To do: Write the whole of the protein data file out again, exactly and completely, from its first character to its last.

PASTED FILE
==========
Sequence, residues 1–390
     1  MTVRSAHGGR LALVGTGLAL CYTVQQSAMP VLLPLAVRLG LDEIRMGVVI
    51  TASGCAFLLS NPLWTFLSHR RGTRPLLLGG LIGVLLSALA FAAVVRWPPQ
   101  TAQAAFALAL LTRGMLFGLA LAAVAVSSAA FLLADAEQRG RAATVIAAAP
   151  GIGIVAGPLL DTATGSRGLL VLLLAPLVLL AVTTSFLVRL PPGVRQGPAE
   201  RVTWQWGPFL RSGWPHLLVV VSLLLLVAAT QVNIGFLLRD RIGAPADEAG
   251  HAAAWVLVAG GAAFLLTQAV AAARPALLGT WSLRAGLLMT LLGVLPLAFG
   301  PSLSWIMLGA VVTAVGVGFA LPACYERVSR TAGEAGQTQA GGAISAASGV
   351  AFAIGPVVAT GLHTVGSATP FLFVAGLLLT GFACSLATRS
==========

Sequence, residues 1–390
     1  MTVRSAHGGR LALVGTGLAL CYTVQQSAMP VLLPLAVRLG LDEIRMGVVI
    51  TASGCAFLLS NPLWTFLSHR RGTRPLLLGG LIGVLLSALA FAAVVRWPPQ
   101  TAQAAFALAL LTRGMLFGLA LAAVAVSSAA FLLADAEQRG RAATVIAAAP
   151  GIGIVAGPLL DTATGSRGLL VLLLAPLVLL AVTTSFLVRL PPGVRQGPAE
   201  RVTWQWGPFL RSGWPHLLVV VSLLLLVAAT QVNIGFLLRD RIGAPADEAG
   251  HAAAWVLVAG GAAFLLTQAV AAARPALLGT WSLRAGLLMT LLGVLPLAFG
   301  PSLSWIMLGA VVTAVGVGFA LPACYERVSR TAGEAGQTQA GGAISAASGV
   351  AFAIGPVVAT GLHTVGSATP FLFVAGLLLT GFACSLATRS